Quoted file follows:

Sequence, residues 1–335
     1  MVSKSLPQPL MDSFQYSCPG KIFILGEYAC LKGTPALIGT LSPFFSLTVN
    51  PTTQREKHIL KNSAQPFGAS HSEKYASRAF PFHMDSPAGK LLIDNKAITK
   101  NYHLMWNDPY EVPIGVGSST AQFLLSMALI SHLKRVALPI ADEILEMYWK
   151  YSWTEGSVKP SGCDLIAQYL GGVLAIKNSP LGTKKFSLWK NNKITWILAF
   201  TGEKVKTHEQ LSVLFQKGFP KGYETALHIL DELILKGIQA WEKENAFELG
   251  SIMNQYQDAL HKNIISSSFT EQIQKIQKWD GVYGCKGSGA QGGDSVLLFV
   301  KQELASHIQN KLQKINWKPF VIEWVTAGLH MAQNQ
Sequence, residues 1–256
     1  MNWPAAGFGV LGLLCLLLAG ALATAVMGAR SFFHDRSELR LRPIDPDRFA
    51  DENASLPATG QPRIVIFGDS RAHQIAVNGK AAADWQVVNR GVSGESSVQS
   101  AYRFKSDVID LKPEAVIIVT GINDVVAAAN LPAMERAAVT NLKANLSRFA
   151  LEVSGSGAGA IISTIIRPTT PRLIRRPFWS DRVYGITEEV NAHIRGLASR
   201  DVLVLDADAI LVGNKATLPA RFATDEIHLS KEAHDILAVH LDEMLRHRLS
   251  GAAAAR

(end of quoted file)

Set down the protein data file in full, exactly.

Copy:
Sequence, residues 1–335
     1  MVSKSLPQPL MDSFQYSCPG KIFILGEYAC LKGTPALIGT LSPFFSLTVN
    51  PTTQREKHIL KNSAQPFGAS HSEKYASRAF PFHMDSPAGK LLIDNKAITK
   101  NYHLMWNDPY EVPIGVGSST AQFLLSMALI SHLKRVALPI ADEILEMYWK
   151  YSWTEGSVKP SGCDLIAQYL GGVLAIKNSP LGTKKFSLWK NNKITWILAF
   201  TGEKVKTHEQ LSVLFQKGFP KGYETALHIL DELILKGIQA WEKENAFELG
   251  SIMNQYQDAL HKNIISSSFT EQIQKIQKWD GVYGCKGSGA QGGDSVLLFV
   301  KQELASHIQN KLQKINWKPF VIEWVTAGLH MAQNQ
Sequence, residues 1–256
     1  MNWPAAGFGV LGLLCLLLAG ALATAVMGAR SFFHDRSELR LRPIDPDRFA
    51  DENASLPATG QPRIVIFGDS RAHQIAVNGK AAADWQVVNR GVSGESSVQS
   101  AYRFKSDVID LKPEAVIIVT GINDVVAAAN LPAMERAAVT NLKANLSRFA
   151  LEVSGSGAGA IISTIIRPTT PRLIRRPFWS DRVYGITEEV NAHIRGLASR
   201  DVLVLDADAI LVGNKATLPA RFATDEIHLS KEAHDILAVH LDEMLRHRLS
   251  GAAAAR